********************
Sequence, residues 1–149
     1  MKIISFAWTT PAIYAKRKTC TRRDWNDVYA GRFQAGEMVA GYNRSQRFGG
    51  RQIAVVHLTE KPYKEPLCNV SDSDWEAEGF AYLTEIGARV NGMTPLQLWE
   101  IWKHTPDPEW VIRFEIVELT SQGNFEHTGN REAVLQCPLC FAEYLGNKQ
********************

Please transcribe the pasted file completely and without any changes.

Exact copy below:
Sequence, residues 1–149
     1  MKIISFAWTT PAIYAKRKTC TRRDWNDVYA GRFQAGEMVA GYNRSQRFGG
    51  RQIAVVHLTE KPYKEPLCNV SDSDWEAEGF AYLTEIGARV NGMTPLQLWE
   101  IWKHTPDPEW VIRFEIVELT SQGNFEHTGN REAVLQCPLC FAEYLGNKQ